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TCPA Settlement Denied Due to Attorney Fees Inconsistent with Plaintiff’s “Relative Lack of Success”

Oct 31, 2018 | Posted by James P. Leonard | Topic: Class Actions

An Illinois federal judge recently denied a proposed settlement in a series of three TCPA cases known as the Ocwen cases essentially because the amount request for attorney fees—over $5.2 million—was too high, given class counsel’s “relative lack of success.”

Ocwen Loan Servicing (“Ocwen”) was accused of initiating over 150 million debt collection calls using an autodialer without prior consent.  After multiple mediations, the parties agreed to a $17.5 million settlement, which was broken down as follows:  (1) $1.6 million for costs associated with notice and administration of the class; (2) over $5.2 million for attorney’s fees; (3) $75,000 for incentive awards for the three named plaintiffs; and (4) the remainder was for the class members who submitted a form, which meant that each such class member would receive $39.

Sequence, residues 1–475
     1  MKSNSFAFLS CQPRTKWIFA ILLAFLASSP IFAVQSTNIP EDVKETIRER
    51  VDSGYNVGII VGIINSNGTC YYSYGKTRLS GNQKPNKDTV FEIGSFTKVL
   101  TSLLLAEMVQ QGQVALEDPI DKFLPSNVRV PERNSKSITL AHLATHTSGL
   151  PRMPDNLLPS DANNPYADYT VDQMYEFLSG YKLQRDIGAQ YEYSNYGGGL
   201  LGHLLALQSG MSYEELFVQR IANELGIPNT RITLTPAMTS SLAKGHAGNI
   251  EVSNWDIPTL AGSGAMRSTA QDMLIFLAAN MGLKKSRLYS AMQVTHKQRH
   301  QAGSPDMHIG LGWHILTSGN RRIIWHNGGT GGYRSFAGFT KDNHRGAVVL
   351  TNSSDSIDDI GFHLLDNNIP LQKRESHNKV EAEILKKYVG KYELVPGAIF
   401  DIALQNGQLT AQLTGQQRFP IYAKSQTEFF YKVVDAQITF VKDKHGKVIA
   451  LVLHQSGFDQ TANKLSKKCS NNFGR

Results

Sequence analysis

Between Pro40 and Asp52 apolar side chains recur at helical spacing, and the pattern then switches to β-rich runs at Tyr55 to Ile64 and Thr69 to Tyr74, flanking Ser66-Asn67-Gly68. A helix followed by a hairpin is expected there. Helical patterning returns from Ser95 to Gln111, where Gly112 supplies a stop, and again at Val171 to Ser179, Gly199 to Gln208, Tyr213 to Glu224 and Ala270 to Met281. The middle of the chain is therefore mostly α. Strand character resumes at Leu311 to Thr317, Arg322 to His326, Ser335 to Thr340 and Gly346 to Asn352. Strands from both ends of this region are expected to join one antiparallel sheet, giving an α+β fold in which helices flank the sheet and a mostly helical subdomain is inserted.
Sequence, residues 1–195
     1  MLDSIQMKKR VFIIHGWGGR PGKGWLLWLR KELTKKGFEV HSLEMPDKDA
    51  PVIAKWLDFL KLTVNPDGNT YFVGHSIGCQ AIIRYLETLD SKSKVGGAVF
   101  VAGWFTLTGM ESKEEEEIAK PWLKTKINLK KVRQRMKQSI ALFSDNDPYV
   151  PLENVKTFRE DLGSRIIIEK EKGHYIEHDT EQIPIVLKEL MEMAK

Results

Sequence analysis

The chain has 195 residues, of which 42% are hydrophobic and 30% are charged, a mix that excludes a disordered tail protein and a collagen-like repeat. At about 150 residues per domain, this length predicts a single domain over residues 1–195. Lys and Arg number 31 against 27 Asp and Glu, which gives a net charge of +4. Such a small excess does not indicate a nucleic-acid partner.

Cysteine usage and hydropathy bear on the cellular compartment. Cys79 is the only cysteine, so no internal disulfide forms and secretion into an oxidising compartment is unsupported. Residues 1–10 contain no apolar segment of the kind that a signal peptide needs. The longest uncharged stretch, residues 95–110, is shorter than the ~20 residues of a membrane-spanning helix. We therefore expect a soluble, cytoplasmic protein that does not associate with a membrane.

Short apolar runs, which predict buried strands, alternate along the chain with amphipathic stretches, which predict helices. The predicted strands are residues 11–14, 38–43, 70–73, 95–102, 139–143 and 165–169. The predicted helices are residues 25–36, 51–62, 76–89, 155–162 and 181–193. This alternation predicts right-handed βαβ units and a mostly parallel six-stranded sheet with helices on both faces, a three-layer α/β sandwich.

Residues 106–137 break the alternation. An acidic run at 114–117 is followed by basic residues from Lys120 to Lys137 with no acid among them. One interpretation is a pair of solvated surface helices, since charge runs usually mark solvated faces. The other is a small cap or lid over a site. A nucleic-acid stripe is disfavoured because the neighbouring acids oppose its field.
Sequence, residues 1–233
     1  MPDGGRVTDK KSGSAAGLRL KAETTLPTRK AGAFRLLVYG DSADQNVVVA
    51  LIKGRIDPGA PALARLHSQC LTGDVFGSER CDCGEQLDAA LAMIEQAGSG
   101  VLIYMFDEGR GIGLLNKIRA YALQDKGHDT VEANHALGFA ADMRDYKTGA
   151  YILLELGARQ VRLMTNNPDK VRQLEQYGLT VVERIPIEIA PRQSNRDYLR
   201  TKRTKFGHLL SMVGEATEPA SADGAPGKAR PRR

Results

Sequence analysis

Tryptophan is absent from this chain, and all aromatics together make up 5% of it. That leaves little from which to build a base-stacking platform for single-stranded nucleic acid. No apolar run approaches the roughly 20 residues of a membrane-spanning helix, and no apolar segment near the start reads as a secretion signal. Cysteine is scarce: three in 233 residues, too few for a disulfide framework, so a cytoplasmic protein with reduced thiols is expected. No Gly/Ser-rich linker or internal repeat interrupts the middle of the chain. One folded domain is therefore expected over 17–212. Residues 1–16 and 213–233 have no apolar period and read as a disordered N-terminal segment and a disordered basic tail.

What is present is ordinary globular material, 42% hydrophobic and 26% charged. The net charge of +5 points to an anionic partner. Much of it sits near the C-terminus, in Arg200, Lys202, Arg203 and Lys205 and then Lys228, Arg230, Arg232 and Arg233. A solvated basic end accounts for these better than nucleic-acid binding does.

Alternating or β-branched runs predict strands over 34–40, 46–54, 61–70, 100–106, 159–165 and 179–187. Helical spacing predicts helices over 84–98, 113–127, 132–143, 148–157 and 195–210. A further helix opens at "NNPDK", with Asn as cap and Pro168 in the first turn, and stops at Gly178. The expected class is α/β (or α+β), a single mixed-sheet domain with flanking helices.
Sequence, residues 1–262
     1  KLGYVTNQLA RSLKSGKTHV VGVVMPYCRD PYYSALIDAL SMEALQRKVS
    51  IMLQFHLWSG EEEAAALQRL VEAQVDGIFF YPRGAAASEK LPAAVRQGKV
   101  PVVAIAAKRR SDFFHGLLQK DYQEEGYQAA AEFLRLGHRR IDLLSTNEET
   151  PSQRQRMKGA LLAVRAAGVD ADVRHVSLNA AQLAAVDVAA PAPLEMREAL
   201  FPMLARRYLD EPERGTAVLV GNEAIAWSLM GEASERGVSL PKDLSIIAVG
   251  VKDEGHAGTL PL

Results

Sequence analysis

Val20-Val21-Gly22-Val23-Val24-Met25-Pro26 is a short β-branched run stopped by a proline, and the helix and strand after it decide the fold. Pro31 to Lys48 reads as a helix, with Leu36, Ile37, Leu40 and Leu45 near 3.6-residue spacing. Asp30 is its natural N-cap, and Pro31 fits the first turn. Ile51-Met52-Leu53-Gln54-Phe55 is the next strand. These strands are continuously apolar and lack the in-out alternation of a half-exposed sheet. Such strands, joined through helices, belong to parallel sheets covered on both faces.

In light of the breakdown of the settlement, the Court noted, “It is conceivable that the court could be persuaded to approve a settlement at the current overall dollar amount if the amounts for attorney's fees were reduced drastically, to take account of counsel's relative lack of success reflected from obtaining a settlement with a relatively low value given the size of the class and the number of calls made…”  The Court also explicitly targeted the motivations of class counsel, noting, “On the record before the court, it is fair to say that there is a good chance that class counsel have sold the case short—at least, the court cannot determine otherwise on the present record…” 

A likely read of the Court’s order indicates that a re-worked settlement agreement with lower attorney’s fees will have to be made if the parties wish to resolve the litigation, especially since Ocwen has indicated it would not be able to pay much more than the proposed settlement amount.